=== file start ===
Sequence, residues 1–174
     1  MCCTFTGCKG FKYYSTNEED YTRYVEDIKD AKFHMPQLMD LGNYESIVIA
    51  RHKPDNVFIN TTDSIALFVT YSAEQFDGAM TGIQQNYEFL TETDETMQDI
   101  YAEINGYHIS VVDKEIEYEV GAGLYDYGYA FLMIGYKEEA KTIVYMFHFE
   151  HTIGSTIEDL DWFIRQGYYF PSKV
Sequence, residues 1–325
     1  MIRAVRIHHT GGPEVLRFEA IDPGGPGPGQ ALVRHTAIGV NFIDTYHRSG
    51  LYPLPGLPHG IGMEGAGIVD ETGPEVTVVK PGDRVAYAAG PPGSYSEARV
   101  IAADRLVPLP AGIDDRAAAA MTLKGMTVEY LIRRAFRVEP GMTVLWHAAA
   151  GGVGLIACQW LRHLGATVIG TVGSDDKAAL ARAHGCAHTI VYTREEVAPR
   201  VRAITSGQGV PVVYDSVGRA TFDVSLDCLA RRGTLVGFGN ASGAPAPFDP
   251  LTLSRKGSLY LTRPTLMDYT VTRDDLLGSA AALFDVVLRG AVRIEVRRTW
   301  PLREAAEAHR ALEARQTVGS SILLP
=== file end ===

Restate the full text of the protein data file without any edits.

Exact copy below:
Sequence, residues 1–174
     1  MCCTFTGCKG FKYYSTNEED YTRYVEDIKD AKFHMPQLMD LGNYESIVIA
    51  RHKPDNVFIN TTDSIALFVT YSAEQFDGAM TGIQQNYEFL TETDETMQDI
   101  YAEINGYHIS VVDKEIEYEV GAGLYDYGYA FLMIGYKEEA KTIVYMFHFE
   151  HTIGSTIEDL DWFIRQGYYF PSKV
Sequence, residues 1–325
     1  MIRAVRIHHT GGPEVLRFEA IDPGGPGPGQ ALVRHTAIGV NFIDTYHRSG
    51  LYPLPGLPHG IGMEGAGIVD ETGPEVTVVK PGDRVAYAAG PPGSYSEARV
   101  IAADRLVPLP AGIDDRAAAA MTLKGMTVEY LIRRAFRVEP GMTVLWHAAA
   151  GGVGLIACQW LRHLGATVIG TVGSDDKAAL ARAHGCAHTI VYTREEVAPR
   201  VRAITSGQGV PVVYDSVGRA TFDVSLDCLA RRGTLVGFGN ASGAPAPFDP
   251  LTLSRKGSLY LTRPTLMDYT VTRDDLLGSA AALFDVVLRG AVRIEVRRTW
   301  PLREAAEAHR ALEARQTVGS SILLP